A Personal Digital Dark Ages: Assessing the Fate of Our Digital Belongings
December 8, 2005
Presentation and Q&A
OCLC Online Computer Library Center, Inc.
6565 Frantz Road
Dublin, OH 43017-3395
Most of us engage in magical thinking when it comes to the long term fate of our personal digital belongings. This magical thinking may manifest itself in several ways: technological optimism (there will be a solution when I need it), radical ephemeralism (dust to dust, bits to bits), or simply a gap between principals and practice (I know I should, but...).
Cathy Marshall recently conducted a field study aimed at understanding the current state of personal digital archiving in practice. The study identified archiving challenges stemming not only from emergent technologies, but also from the exigencies introduced by home computer use and the genres and collections of digital materials that people value.
In presenting the results of this study, Ms. Marshall will also discuss her aims in designing a service model for the long-term storage and access of personally meaningful digital artifacts. In so doing, she will examine how personal archiving needs intersect with larger-scale digital archiving technologies such as institutional repositories and implementations of specific preservation strategies and policies.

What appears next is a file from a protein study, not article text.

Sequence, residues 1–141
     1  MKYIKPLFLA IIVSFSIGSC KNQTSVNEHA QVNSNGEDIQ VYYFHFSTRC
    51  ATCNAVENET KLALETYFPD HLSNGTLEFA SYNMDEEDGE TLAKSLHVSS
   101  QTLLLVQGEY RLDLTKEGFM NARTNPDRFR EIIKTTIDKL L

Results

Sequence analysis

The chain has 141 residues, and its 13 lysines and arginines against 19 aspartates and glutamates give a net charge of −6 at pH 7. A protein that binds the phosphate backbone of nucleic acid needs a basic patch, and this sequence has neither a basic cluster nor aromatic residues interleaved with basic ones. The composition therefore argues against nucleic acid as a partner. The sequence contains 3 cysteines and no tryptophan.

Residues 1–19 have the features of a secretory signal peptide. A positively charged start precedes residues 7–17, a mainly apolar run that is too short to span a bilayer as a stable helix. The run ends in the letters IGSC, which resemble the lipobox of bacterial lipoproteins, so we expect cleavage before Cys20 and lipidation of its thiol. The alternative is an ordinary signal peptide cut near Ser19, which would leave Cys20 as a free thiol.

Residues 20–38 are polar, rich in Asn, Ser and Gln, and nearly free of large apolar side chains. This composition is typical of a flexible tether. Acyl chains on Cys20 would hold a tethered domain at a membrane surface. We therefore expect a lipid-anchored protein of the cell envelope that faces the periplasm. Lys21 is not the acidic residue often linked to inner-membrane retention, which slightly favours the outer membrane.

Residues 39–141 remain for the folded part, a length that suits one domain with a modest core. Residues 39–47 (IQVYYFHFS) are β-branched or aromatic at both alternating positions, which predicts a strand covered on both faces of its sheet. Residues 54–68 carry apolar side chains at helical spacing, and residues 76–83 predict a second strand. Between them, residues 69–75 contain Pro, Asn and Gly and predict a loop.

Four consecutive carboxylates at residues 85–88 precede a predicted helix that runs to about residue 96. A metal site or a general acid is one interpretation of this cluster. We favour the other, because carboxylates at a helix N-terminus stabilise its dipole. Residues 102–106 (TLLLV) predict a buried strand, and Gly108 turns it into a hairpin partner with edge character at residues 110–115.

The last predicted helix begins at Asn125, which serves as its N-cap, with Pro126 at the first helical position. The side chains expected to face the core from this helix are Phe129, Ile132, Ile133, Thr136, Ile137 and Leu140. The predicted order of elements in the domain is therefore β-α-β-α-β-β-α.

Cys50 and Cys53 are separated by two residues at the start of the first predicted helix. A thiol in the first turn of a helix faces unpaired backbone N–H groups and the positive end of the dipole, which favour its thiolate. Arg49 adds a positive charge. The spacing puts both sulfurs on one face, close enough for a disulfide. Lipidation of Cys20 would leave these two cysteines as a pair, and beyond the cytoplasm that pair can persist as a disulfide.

Cathy Marshall is a Senior Researcher at Microsoft Corporation and an affiliate of the Center for the Study of Digital Libraries at Texas A&M University. Her research lies in the disciplinary interstices of computer science, social science, and the humanities. Previously, Ms. Marshall was a long-time member of the research staff at Xerox PARC. Since 1983, Cathy has been working on computer support for intellectual work from the multiple perspectives of designer, theorist, self-styled ethnographer, and writer. She has delivered keynote addresses at the WWW and Hypertext Conferences as well as at other library and information science venues and is currently serving as Program co-Chair for the 2006 IEEE/ACM Joint Conference on Digital Libraries.
- Cathy Marshall
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